Uniqueness isn’t interesting

Every snowflake is unique. Every fingerprint is unique. These facts may be interesting, but they don’t mean that every snowflake or every fingerprint is interesting.

Yesterday I was editing some copy and came across a description of the brain as “this unique organ”. This was meant to be a compliment to the brain, but instead it’s a hopelessly empty description: all it says is that we only have one of them.

Another unique organ is the gallbladder. So is the spleen. And the appendix. But so what? A lot of things are unique in some little way, and if you look in close enough detail, technically everything is. The brain, though, is unique among organs like a phoenix among sparrows, not like a snowflake among other snowflakes.

If you want to make something sound interesting, then think about the qualities that make it unique (or at least distinctive).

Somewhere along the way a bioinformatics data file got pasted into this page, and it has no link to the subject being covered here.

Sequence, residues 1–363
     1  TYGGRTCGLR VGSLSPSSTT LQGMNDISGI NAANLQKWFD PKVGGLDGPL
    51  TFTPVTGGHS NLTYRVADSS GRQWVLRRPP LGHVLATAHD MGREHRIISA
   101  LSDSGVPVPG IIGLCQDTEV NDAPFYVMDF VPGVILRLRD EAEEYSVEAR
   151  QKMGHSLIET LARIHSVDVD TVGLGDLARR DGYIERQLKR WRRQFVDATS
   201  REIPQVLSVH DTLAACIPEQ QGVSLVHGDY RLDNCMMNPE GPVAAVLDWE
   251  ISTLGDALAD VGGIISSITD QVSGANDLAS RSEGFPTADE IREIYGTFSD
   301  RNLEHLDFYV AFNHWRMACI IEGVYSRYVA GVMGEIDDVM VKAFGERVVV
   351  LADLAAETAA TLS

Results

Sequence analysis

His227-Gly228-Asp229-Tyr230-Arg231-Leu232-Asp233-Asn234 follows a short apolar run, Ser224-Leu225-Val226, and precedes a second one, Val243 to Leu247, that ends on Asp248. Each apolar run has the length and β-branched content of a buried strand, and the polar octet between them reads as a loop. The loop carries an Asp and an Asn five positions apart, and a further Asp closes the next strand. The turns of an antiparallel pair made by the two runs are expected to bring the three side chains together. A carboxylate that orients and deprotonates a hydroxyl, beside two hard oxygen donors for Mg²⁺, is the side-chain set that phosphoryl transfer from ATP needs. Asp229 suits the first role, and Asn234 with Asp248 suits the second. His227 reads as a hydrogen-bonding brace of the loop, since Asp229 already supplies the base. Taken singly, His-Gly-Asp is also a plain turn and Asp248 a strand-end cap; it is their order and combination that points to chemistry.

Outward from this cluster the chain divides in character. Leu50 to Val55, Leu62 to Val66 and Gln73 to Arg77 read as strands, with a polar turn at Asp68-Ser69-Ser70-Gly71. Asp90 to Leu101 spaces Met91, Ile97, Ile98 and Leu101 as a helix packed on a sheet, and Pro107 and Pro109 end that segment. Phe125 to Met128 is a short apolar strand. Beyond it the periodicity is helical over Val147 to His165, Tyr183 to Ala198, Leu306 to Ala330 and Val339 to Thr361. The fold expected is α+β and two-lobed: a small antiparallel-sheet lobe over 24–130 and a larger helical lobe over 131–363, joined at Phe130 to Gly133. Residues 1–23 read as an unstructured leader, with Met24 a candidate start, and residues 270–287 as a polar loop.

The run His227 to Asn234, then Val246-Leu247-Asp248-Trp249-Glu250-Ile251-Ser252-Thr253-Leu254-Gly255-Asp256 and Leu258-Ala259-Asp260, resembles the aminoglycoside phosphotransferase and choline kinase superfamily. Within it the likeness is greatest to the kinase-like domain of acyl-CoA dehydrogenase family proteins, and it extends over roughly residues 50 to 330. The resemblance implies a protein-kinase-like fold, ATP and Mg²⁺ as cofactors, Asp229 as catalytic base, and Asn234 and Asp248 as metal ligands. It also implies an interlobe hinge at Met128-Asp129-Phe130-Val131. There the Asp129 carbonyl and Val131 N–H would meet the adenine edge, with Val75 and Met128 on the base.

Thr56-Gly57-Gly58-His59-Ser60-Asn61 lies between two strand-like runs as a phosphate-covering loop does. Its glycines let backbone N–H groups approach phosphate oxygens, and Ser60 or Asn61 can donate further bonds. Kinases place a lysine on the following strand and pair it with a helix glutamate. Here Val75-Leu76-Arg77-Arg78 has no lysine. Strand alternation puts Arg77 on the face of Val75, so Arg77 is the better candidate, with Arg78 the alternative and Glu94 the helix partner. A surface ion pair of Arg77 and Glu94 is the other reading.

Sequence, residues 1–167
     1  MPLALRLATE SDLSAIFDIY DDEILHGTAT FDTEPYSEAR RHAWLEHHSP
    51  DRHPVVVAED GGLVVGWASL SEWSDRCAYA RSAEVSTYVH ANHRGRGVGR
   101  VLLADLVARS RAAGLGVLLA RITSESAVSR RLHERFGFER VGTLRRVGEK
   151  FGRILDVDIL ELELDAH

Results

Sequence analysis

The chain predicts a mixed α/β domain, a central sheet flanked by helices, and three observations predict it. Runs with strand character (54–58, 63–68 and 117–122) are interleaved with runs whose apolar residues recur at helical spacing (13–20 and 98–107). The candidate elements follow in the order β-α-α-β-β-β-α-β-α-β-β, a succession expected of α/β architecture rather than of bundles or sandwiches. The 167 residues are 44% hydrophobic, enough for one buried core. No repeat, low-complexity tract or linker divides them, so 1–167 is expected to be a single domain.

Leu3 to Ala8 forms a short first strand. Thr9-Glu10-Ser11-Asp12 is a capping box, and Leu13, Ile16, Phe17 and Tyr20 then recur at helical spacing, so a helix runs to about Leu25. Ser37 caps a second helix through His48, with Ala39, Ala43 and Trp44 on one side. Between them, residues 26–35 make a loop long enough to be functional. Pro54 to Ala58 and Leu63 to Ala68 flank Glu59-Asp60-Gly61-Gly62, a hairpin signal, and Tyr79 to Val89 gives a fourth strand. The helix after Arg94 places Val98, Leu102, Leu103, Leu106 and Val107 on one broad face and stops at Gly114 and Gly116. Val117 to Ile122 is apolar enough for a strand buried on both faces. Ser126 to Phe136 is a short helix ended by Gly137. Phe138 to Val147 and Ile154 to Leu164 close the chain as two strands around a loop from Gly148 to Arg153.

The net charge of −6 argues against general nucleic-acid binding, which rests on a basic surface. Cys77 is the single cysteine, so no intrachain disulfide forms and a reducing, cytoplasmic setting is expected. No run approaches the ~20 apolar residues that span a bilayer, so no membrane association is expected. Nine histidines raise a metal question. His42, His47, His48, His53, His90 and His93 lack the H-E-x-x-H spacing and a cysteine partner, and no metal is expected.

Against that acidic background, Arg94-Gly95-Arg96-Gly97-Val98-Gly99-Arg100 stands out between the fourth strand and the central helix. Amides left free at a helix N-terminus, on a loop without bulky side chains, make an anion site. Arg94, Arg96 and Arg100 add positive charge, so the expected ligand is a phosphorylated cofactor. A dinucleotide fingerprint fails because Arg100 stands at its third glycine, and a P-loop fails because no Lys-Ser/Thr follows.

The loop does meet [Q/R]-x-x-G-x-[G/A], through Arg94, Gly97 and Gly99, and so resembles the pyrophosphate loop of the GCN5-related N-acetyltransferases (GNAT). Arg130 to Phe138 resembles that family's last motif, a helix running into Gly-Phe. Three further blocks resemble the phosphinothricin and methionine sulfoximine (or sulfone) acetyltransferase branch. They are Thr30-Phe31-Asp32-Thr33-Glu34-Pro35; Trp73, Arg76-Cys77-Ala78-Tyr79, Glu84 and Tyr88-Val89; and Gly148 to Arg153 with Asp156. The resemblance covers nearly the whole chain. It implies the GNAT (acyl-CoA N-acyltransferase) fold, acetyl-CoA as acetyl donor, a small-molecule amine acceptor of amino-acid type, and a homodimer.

What sets the brain apart from the other organs? It’s complex, it’s mysterious, it underlies our mind rather than merely physical functions (although its involvement in processes all over the body is also remarkable). It has these qualities uniquely.

So focus on the qualities rather than the bare fact of uniqueness in some undisclosed respect. The brain is uniquely complex, it’s uniquely mysterious, it uniquely underlies the mind. These statements all carry weight.

Or, if you prefer not to go into specifics like that, you could use a word such as ‘unparalleled’, ‘matchless’, ‘exceptional’ or ‘outstanding’. Only the first two truly imply uniqueness, but all of them – unlike ‘unique’ itself – put the thing so described on a pedestal and tell us that it’s well worth a look.

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Comments

  • Lev  On January 24, 2012 at 8:27 pm

    Interesting… I’ve seen the word “unique” used in this way and never thought about this. Maybe because the word itself has a sophisticated sound to it?

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